clock menu more-arrow no yes

Filed under:

Alia Guagni may leave Fiorentina and it’s the FIGC’s fault

New, comments

This. This is why teams need to be able to pay their players.

Arsenal Women v Fiorentina Women - UEFA Women’s Champion League
PLEASE DON’T LEAVE US
Photo by Action Foto Sport/NurPhoto via Getty Images

It’s been less than a year since Fiorentina captain Alia Guagni turned down a massive offer CD Tacón (Real Madrid’s women’s side) and extended her contract with Fiorentina. We were obviously amped up, so the news that she’s now considering a move to Atletico Madrid—where she’d join Italy teammate and former Viola striker Elena Linari—is a good reason for dismay.

Nothing’s certain yet, but it seems that Guagni is rightfully upset about the FIGC’s slowness in implementing full professionalism for women’s teams, in which Italy has lagged behind the rest of Europe. After announcing in December that it had allocated €11 million to help calcio femminile make the jump from semi-professional to fully professional over the next 3 years, the government and the FIGC have agreed to delay the move—set to take effect this year—due to the coronavirus outbreak.

Let’s just step forward right now and say that this is bullshit. The women’s game should have been fully professional a long, long time ago, and the infrastructure to make that happen has been stunted by backwards attitudes about female athletes. For example, teams aren’t allowed to pay their players more than a minimal per diem, which means that the many players have to take jobs outside of soccer or rely on family to survive. Pumping the brakes on this move to professionalism when these athletes are at their most vulnerable—can you imagine a time that, say, health insurance could be more important?—is morally repugnant.

While she’s still one of the three best fullbacks in the world, Guagni is 32 now and hasn’t ever gotten paid for her talent and work, so it’s very reasonable that she’d like a paycheck at some point in her career. She’s bright and personable and likely has a future in the game after her retirement, but that’s likely not for another several years. Since Fiorentina isn’t allowed to pay her, it’s eminently reasonable that she’d go to a team that will, even though she loves Florence. Expecting people to put that much sweat equity into a life as a professional in all but name without paying them as such is just ridiculous.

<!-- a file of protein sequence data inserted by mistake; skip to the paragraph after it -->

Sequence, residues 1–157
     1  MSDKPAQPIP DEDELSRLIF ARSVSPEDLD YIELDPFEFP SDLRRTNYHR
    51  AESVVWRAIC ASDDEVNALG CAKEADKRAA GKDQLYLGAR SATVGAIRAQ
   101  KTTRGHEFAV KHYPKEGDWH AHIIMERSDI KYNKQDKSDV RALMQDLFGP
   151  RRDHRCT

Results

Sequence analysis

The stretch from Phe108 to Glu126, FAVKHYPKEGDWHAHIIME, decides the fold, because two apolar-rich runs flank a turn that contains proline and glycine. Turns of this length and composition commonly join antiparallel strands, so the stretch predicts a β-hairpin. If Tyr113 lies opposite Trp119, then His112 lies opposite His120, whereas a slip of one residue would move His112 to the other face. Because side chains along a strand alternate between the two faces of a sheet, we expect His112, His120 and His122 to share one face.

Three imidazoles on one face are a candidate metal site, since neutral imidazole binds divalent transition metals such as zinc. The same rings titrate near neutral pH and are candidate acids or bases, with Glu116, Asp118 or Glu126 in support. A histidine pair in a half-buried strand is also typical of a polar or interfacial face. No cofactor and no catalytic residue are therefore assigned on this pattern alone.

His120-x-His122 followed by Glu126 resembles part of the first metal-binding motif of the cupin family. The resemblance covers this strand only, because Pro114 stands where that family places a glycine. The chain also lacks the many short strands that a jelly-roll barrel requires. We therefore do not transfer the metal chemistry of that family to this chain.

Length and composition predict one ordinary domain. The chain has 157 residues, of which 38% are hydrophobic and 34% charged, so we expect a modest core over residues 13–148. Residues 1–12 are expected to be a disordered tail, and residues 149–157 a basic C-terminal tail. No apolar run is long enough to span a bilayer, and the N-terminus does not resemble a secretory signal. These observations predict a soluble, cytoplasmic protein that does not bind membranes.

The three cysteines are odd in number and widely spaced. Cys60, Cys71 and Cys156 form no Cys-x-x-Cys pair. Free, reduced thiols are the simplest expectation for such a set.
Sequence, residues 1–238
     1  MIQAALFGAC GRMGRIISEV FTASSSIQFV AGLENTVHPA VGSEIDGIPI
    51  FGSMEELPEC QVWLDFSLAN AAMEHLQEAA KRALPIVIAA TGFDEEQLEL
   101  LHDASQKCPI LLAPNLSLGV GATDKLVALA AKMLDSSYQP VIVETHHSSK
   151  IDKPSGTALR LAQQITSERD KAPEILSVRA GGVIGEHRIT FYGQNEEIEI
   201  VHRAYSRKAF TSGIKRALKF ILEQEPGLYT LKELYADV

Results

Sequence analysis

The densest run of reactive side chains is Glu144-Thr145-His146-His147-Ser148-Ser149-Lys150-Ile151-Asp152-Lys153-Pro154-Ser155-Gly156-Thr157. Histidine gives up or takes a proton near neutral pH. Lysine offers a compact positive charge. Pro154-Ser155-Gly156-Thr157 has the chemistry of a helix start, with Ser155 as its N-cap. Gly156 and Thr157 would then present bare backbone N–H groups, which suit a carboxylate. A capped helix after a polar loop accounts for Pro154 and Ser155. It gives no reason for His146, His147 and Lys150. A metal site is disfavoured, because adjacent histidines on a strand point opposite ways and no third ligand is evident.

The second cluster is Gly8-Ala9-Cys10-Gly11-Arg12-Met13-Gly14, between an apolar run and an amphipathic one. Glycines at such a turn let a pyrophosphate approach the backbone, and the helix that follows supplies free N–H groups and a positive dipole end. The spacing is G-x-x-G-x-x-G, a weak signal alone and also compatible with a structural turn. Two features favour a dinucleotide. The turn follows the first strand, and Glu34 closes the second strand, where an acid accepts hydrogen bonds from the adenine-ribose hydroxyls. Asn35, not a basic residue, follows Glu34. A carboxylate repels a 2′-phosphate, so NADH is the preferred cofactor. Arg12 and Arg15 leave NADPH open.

Nothing is certain here. Guagni is reportedly set to meet with management in the coming weeks to discuss the matter, so she may still stay. But you have to think that her agreement to continue playing in this joke of a league was at least in part dependant on the passing of the professionalism deal which would have seen her compensated for her work. Now that it’s delayed, the entire paradigm has changed. If the captain leaves, she won’t be alone, but at the head of a queue for the exit. This is massively important and massively threatening to this team.

Guagni would doubtless slot right into the Atleti XI and excel just as Linari has. It would be another unquantifiable loss for soccer in Italy, another lesson to young players that they’ll never make a living in the sport in their own country, and another reminder of the sexism rampant throughout the highest levels of calcio’s bureaucracy. And, as usual, all the blame can be laid at the feet of the FIGC, who have resisted efforts to professionalize for as long as they’ve existed. Shame on them.